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Position and Position vector

by san203
Tags: position, vector, vectors
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san203
#1
Oct5-13, 10:55 AM
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What is a position vector? Is their any difference between the position vector and position? Isnt position of a point supposed to represent its direction in Cartesian plane as well(Positive quadrants , negative quadrants). So why two different terms?
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phinds
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Oct5-13, 12:29 PM
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Just at a guess, I'd say it's like this: position in a 2D Cartesian coordinate system is absolute and is described by two numbers. A position vector is relative to some starting point, which MIGHT be the origin but might not be.
jbunniii
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Oct5-13, 01:12 PM
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One might say that a position vector ##[x\,\,y]## is the equivalence class of pairs of points ##(a,b)##, ##(c,d)## in the plane satisfying ##c-a = x## and ##d-b = y##.

mathman
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Oct5-13, 03:48 PM
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Position and Position vector

Quote Quote by san203 View Post
What is a position vector? Is their any difference between the position vector and position? Isnt position of a point supposed to represent its direction in Cartesian plane as well(Positive quadrants , negative quadrants). So why two different terms?
Position in a plane: (x,y)
Position vector in a plane: vector from (0,0) to (x,y)
san203
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Oct6-13, 01:07 AM
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Quote Quote by phinds View Post
Just at a guess, I'd say it's like this: position in a 2D Cartesian coordinate system is absolute and is described by two numbers. A position vector is relative to some starting point, which MIGHT be the origin but might not be.
Quote Quote by mathman View Post
Position in a plane: (x,y)
Position vector in a plane: vector from (0,0) to (x,y)
But isnt position in plane also calculated relative to origin?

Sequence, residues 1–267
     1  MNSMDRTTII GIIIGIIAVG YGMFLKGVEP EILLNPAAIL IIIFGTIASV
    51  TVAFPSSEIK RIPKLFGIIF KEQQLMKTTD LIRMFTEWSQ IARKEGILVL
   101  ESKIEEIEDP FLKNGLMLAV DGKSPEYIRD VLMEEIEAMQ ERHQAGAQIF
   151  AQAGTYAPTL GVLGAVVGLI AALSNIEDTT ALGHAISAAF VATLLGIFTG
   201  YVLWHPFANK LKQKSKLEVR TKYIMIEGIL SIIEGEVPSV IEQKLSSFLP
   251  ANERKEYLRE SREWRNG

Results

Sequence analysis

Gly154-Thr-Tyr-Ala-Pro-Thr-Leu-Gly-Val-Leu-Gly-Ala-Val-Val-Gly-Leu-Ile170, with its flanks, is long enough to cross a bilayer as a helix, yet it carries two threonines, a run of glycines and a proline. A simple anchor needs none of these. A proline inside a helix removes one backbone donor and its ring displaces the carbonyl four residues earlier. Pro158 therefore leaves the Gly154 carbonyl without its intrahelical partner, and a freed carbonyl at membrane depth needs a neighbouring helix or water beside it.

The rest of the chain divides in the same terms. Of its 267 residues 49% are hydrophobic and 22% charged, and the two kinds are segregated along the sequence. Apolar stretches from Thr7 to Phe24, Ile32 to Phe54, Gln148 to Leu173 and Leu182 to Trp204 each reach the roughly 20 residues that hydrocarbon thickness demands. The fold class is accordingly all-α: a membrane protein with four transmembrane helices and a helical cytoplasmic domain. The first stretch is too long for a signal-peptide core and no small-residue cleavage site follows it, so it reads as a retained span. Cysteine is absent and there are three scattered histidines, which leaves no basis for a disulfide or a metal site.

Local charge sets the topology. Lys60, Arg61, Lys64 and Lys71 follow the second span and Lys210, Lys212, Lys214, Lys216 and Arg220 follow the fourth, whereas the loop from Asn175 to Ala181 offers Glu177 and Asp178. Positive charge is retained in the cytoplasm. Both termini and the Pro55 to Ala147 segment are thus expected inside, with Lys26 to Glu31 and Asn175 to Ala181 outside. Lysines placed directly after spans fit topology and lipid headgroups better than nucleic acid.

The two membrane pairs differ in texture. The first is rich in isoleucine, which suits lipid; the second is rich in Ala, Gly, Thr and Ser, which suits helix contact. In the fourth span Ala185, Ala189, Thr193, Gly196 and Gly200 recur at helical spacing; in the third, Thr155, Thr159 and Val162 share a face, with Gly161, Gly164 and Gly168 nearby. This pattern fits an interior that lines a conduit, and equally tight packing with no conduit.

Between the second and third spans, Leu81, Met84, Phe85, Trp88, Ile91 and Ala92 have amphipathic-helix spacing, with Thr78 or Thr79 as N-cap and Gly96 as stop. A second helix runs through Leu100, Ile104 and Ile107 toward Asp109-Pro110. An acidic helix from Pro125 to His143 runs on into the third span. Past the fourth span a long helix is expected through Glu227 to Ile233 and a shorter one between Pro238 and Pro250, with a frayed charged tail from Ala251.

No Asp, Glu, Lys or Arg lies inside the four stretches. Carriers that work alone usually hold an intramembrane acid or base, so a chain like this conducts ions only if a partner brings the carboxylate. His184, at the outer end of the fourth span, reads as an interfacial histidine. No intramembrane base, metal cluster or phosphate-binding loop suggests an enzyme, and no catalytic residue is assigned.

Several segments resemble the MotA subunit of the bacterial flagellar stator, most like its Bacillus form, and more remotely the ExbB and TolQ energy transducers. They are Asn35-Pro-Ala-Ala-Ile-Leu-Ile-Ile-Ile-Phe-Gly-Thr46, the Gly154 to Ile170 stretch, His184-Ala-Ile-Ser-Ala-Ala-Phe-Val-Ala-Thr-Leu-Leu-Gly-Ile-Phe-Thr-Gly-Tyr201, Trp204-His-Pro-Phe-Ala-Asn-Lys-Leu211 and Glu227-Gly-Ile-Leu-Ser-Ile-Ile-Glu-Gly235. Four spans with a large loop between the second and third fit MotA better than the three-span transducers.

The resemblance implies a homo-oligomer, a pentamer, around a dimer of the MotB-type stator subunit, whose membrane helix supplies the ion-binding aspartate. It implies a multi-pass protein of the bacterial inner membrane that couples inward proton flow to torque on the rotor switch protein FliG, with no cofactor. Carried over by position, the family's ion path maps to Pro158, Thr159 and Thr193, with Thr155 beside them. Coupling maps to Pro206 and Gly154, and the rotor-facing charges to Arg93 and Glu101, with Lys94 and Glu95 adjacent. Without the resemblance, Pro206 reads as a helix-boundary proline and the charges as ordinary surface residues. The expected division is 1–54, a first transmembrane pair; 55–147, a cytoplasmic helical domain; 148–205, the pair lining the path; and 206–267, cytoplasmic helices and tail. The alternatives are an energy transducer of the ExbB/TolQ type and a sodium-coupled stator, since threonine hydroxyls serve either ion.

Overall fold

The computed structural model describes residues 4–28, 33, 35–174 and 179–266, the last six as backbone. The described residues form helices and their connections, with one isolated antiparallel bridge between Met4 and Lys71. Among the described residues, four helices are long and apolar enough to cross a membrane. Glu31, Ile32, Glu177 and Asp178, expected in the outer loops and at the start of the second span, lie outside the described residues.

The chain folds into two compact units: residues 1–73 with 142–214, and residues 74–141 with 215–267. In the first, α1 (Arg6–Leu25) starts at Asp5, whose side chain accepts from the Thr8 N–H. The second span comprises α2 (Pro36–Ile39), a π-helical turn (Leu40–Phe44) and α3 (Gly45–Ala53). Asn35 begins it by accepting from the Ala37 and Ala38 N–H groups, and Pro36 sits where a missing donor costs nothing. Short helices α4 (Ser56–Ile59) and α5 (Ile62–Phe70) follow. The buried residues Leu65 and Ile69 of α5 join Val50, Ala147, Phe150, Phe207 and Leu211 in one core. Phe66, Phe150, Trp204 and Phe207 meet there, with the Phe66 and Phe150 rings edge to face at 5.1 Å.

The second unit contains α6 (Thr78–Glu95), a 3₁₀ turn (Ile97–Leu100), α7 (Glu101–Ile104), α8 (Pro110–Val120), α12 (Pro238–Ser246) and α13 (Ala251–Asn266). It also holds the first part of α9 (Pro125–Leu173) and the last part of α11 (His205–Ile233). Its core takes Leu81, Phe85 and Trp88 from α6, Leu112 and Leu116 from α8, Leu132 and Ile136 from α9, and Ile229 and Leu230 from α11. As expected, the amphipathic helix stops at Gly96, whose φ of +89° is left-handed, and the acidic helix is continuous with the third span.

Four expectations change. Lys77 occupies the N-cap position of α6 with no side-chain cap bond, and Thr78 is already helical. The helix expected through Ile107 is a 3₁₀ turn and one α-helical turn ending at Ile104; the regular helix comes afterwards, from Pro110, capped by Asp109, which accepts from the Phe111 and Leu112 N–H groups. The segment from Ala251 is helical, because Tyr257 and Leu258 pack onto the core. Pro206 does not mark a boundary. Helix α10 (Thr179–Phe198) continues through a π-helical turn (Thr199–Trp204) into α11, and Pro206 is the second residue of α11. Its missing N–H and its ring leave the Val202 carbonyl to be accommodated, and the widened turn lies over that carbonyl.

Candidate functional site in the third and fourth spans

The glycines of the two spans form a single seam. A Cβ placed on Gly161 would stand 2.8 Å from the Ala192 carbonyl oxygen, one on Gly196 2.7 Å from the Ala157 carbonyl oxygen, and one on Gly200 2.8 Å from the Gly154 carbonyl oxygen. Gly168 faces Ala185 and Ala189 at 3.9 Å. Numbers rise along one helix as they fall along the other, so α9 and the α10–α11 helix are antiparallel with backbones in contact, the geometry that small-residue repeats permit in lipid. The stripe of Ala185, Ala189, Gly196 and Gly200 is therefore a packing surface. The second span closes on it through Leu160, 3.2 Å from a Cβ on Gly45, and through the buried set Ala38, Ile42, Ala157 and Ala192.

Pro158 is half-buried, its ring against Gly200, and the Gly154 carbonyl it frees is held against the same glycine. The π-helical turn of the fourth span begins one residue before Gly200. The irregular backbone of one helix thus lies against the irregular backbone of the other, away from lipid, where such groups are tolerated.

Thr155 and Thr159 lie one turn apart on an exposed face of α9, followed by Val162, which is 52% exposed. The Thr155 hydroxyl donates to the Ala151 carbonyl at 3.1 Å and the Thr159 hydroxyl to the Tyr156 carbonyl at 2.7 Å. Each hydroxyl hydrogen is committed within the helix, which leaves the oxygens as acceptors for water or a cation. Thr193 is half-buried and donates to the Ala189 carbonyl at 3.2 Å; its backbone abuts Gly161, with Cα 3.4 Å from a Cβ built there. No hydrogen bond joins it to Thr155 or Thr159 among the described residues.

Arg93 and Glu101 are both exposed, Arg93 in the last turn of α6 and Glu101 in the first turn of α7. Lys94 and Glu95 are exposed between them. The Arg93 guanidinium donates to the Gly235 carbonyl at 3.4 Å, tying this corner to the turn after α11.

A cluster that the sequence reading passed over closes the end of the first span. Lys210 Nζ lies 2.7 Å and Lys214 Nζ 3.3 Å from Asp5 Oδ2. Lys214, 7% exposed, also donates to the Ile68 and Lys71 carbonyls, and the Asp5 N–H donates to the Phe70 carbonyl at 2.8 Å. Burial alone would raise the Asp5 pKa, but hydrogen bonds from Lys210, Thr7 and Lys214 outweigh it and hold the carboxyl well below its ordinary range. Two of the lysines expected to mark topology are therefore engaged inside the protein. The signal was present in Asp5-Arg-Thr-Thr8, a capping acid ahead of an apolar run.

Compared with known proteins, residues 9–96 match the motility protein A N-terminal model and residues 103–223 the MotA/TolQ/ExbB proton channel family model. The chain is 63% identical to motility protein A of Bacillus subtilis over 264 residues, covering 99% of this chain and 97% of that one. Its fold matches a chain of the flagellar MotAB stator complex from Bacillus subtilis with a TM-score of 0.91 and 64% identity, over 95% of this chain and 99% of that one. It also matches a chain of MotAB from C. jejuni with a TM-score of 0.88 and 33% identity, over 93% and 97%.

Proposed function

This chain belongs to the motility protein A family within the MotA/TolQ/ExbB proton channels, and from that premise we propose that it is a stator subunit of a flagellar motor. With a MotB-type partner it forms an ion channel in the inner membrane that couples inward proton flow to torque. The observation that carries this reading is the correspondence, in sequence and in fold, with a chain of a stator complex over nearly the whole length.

Quote Quote by jbunniii View Post
One might say that a position vector ##[x\,\,y]## is the equivalence class of pairs of points ##(a,b)##, ##(c,d)## in the plane satisfying ##c-a = x## and ##d-b = y##.
Sorry. I didnt understand that at all.

Edit#2 : Thanks. Your answers were right i guess.
HallsofIvy
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Oct6-13, 09:11 AM
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Personally, I don't like the very concept of a "position vector"- it only makes sense in Euclidean space. When I was young and foolish (I'm not young any more) I worried a great deal about what a "position vector" looked like on a sphere. Did it "curve" around the surface of the sphere or did it go through the sphere? The answer, of course, is that the only true vectors are tangent vectors that lie in the tangent plane to the surface at each point.
san203
#7
Oct6-13, 11:31 AM
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Quote Quote by HallsofIvy View Post
Personally, I don't like the very concept of a "position vector"- it only makes sense in Euclidean space. When I was young and foolish (I'm not young any more) I worried a great deal about what a "position vector" looked like on a sphere. Did it "curve" around the surface of the sphere or did it go through the sphere? The answer, of course, is that the only true vectors are tangent vectors that lie in the tangent plane to the surface at each point.
This really went over my head, but when i do learn things like this i'll try to keep what you said in mind.
Legaldose
#8
Oct7-13, 01:07 AM
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A position vector is a vector in Euclidean space that points from the origin to your location
EvanT
#9
Oct10-13, 06:04 PM
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I would say that the biggest difference is that a position vector assumes you are working in a space with numbers (like a Vector Space) and a position may not.

If you are studying Euclidean Geometry, based on the Elements, there are no numbers (at least for many books there is no need of numbers). So a position might be described as the intersection of two lines, or the center of a circle. In this case, there is no position vector, only a position. You are working in a Euclidean space that does not have the usual Vector Space information available.


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